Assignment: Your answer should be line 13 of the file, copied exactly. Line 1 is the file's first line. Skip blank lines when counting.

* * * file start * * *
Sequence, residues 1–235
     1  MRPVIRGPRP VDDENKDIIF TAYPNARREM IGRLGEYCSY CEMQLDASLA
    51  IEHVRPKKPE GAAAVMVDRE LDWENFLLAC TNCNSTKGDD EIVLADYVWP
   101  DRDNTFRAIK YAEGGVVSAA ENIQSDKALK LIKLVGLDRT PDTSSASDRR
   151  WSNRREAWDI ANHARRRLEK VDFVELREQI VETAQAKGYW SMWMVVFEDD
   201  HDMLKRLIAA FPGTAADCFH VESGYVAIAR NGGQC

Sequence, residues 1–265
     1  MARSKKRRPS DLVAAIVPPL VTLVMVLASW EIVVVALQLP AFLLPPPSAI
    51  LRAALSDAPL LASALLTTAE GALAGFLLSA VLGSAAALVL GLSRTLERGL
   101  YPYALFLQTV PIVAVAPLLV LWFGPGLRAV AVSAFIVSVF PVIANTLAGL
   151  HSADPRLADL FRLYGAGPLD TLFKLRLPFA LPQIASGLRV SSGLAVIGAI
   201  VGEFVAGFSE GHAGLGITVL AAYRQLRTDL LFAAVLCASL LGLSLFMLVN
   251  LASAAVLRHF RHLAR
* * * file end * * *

   251  LASAAVLRHF RHLAR